Posted on October 8, 2013
Why is know-how so important to explore? In the modern complex organization accessing organizational creativity through individuals or groups may be imperative for creating a new product or service. In an era where new ideas are the life-blood of the organization – having an awareness of the contribution know-how can make to organizational knowledge creation – can make a difference. Know-how occurs at various levels. It occurs both at the organizational level and intertwines with the personal level.
At the organizational and outer level we may ask – what do we know, or don’t know? In particular, focusing on the blind spots the ‘don’t know what we don’t know’. You can’t help but link this to Johari’s window model when used at the organizational level, with its blind, hidden open and private areas. In particular the shadow (hidden) elements. In other words, the really interesting elements that we may not be aware of. Indeed, this reflects how we view and see the world around us, and of course this can be limited by our own past experience. As such, inviting the views of others may enable us to reassess, and see the organization from a fresh perspective.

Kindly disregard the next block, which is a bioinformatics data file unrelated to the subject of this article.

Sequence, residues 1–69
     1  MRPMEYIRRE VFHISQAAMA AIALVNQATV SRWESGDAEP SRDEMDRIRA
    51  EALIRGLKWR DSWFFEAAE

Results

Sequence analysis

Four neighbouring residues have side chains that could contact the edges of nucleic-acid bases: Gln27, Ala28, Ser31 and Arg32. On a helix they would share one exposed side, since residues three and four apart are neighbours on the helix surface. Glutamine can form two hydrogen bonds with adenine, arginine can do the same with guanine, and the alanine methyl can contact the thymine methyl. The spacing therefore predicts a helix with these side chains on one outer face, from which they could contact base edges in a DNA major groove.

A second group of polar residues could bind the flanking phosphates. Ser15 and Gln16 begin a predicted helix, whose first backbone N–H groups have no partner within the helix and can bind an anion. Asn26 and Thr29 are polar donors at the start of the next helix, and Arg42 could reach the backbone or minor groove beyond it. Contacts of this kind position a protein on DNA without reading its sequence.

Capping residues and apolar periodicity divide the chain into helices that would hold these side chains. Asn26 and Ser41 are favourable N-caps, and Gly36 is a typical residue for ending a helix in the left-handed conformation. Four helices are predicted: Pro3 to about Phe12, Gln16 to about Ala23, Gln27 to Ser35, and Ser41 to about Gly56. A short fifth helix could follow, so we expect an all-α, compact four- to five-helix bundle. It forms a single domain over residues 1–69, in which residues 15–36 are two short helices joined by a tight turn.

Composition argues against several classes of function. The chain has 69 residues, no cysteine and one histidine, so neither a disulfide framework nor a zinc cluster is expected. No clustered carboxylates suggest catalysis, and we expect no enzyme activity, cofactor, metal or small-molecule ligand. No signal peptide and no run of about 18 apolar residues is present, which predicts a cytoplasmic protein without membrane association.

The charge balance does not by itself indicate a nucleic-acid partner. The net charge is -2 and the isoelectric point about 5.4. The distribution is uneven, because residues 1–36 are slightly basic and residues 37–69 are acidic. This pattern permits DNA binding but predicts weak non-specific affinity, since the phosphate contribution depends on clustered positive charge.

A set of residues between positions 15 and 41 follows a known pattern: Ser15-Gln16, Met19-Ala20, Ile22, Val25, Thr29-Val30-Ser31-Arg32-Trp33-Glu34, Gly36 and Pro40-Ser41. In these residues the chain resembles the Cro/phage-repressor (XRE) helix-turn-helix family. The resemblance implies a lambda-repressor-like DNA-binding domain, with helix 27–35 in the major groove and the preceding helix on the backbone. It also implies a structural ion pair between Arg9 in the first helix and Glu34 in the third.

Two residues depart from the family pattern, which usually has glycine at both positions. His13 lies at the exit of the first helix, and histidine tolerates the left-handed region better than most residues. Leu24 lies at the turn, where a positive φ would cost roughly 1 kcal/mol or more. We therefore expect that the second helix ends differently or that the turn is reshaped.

As an individual in a company you gather know-how and knowledge over time as you experience different elements within the organization. The knowledge accumulates and becomes instinctive. This is why fast track managers move around the organization to gather experience from various departments and gather a type of tacit and wordless knowledge purely through observation. They gather know-what, know-how and know-why.
On the other hand there is the idea of know-how at the individual personal level. Again, what do we just ‘know’? This is the deep inner knowledge that sometimes we don’t know where it comes from. We just ‘know’. This relates to our deep interior knowledge and knowing. This is a fascinating area and part of personal knowledge. This inner knowledge is a type of superior ‘interior technology’ that we all have access too if we choose to use it. Finally, the top leaders in the world do use their own individual ‘know-how experience’ to make decisions and this over-rides reliability on purely rational decision-making processes. As such know-how contributes to creativity.
Janette Young of Knowledge Futures is a Knowledge Consultant, Coach, Trainer, Learning Facilitator who focuses on Knowledge and Know-How; Leadership; Executive Development; Personal Development; Virtual Learning and Instructional Design. Author of Personal Knowledge Capital: Chandos Publishers.